Shepard v. United States, No. 85-606.

Docket NºNo. 85-606.
Citation533 A.2d 1278
Case DateDecember 02, 1987
CourtCourt of Appeals of Columbia District
533 A.2d 1278
Rufus SHEPARD, Jr., a/k/a Shep, Appellant,
v.
UNITED STATES, Appellee.
No. 85-606.
District of Columbia Court of Appeals.
Argued January 7, 1987.
Decided December 2, 1987.

Page 1279

William T. Morrison, Washington, D.C., appointed by this court, for appellant.

Patricia A. Riley, Asst. U.S. Atty., with whom Joseph E. diGenova, U.S. Atty., and Michael W. Farrell and Helen M. Bollwerk, Asst. U.S. Attys., Washington, D.C., were on brief, for appellee.

Before BELSON and ROGERS, Associate Judges, and NEBEKER, Associate Judge, Retired.*

BELSON, Associate Judge:


Appellant Rufus Shepard contends on appeal that the trial court erred in denying, without a hearing, his motion to vacate his sentence, D.C. Code § 23-110 (1981), on the ground that he was denied his sixth amendment right to the effective assistance of counsel at trial. We find appellant's contentions unpersuasive, and therefore affirm the trial court's denial of his motion.

Following a 1979 jury trial in which appellant was tried with four codefendants for offenses arising out of the armed robbery of a laundromat, appellant was convicted of three counts of armed robbery, D.C. Code §§ 22-2901, -3202 (1981) (amended 1983), and was acquitted on two counts of assault with a dangerous weapon, D.C. Code § 22-502 (1981). On direct appeal, newly appointed counsel for appellant contended that the trial court had erred in denying his motion during trial to compel a physical and mental examination of Rosetta Ross,1 an accomplice of appellant who had been the principal witness for the government. This court rejected that claim and affirmed appellant's conviction. Hilton, supra note 1, 435 A.2d at 388, 392. Appellant thereafter filed two motions for reduction of sentence, the second of which was granted by the trial judge, who reduced appellant's minimum term from ten years to nine years.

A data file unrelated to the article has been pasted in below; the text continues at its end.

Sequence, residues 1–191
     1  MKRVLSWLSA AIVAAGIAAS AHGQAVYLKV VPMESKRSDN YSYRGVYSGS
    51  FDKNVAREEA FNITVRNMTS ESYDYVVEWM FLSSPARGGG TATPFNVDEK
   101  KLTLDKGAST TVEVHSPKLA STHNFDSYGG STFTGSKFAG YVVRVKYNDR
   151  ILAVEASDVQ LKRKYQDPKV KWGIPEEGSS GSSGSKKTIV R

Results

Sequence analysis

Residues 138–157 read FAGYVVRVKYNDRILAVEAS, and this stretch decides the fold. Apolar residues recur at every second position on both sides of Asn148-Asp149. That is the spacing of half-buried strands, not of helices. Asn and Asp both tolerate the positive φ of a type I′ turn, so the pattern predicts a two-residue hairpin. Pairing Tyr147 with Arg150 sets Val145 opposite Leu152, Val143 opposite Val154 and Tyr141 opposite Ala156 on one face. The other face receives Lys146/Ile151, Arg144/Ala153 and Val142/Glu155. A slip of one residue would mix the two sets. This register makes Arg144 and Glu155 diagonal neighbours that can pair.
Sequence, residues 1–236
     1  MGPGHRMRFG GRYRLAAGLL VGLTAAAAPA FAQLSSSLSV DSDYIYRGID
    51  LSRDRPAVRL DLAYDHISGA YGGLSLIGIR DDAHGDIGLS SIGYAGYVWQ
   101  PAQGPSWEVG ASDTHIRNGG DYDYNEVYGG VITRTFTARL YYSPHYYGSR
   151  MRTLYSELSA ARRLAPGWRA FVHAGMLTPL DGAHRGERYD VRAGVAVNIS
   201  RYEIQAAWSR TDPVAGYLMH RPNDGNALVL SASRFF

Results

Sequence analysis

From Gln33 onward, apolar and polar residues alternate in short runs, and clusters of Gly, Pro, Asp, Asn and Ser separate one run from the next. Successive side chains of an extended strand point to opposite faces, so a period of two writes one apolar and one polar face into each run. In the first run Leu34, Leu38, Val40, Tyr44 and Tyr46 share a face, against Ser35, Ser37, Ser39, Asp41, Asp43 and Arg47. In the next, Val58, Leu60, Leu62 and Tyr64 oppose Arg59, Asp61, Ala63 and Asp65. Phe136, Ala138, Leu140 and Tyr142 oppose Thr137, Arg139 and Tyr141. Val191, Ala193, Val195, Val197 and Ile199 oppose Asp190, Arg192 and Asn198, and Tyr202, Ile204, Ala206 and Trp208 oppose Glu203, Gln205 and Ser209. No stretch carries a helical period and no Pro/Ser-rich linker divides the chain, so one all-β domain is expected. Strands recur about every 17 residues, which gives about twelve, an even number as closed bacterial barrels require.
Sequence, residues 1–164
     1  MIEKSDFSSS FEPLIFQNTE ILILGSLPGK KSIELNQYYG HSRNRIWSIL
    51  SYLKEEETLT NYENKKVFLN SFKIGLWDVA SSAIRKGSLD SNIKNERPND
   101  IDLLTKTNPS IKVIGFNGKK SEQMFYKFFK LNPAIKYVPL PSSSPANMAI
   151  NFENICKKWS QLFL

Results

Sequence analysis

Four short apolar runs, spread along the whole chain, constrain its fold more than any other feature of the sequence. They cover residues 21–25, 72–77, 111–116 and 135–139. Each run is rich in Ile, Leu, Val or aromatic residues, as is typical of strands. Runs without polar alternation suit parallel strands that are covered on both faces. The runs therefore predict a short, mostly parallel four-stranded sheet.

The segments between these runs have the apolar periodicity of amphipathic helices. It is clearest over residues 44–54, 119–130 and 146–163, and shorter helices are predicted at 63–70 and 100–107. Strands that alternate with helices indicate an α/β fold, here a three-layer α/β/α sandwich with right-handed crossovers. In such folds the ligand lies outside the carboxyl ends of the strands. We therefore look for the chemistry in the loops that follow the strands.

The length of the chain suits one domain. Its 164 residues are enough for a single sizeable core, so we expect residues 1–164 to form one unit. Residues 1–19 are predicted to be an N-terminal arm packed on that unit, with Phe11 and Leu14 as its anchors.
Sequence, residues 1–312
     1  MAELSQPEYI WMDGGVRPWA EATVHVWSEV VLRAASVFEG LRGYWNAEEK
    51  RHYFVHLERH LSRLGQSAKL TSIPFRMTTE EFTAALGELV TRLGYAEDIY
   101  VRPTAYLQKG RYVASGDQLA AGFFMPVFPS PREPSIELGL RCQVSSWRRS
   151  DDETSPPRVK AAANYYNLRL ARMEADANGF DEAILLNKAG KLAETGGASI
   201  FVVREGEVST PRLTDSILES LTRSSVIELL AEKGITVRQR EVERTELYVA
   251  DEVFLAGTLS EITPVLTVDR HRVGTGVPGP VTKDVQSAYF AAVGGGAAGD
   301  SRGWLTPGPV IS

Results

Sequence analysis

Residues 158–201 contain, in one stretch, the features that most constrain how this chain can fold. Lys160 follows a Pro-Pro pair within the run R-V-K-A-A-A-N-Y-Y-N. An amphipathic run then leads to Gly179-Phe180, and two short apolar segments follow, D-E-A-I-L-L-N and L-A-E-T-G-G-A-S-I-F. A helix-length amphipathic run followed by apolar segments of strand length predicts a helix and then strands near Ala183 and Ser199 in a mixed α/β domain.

In 1983, appellant filed a motion to vacate and set aside judgment of conviction and for a new trial, pursuant to D.C.Code § 23-110 (1981). Appellant based his motion on alleged ineffective assistance of counsel in two respects. The first was trial counsel's failure to move before trial for a competency evaluation of Rosetta Ross, the primary witness against appellant at trial. The second was counsel's failure to move to sever appellant's trial from that of his codefendants. The trial court denied appellant's § 23-110 motion without a hearing. This appeal followed.

Page 1280

The government contends that appellant's ineffective assistance of counsel claims are barred because appellant has shown no cause for his failure to raise them at the time of his direct appeal and no prejudice resulting from his trial counsel's alleged ineffectiveness. Cf. United States v. Frady, 456 U.S. 152, 167-68, 102 S.Ct. 1584, 1594-95, 71 L.Ed.2d 816 (1982) (requiring showing of both cause and prejudice for collateral attack when petitioner failed to raise claim on direct appeal); Head v. United States, 489 A.2d 450, 451 (D.C. 1985) (same).

On several occasions, this court has suggested that an appellant who is aware of a basis for alleging ineffective assistance of trial counsel should file, during the pendency of direct appeal, a § 23-110 motion that adequately sets forth the grounds for the claim of ineffectiveness.2 See Proctor v. United States, 381 A.2d 249, 252 (D.C. 1977); Coleman v. United States, 379 A.2d 710, 713 (D.C. 1977); Angarano v. United States, 329 A.2d 453, 457-58 (D.C. 1974) (en banc); see also YOUNG LAWYERS' SECTION OF THE BAR ASSOCIATION OF THE DISTRICT OF COLUMBIA BAR ASSOCIATION, APPELLATE PRACTICE MANUAL FOR THE DISTRICT OF COLUMBIA COURT OF APPEALS 72-73 (1985). Where it is appropriate, that motion can furnish appellant a means of making a record regarding matters relevant to the ineffectiveness claim that do not appear in the record of the case on direct appeal. Gibson v. United States, 388 A.2d 1214, 1216 (D.C. 1978) (per curiam). See also United States v. DeCoster, 159 U.S.App.D. C. 326, 487 F.2d 1197 (1973). When such a motion has been filed during the pendency of the direct appeal, this court has routinely granted requests for stay of the direct appeal so that, if the § 23-110 motion is denied, the appeal from its denial can be consolidated with the direct appeal. We have never before mandated that such a procedure be employed. We do so now, but only prospectively and only in those cases, like the instant case, in which appellant during the pendency of his direct appeal demonstrably knew or should have known of the grounds for alleging his attorney's ineffectiveness.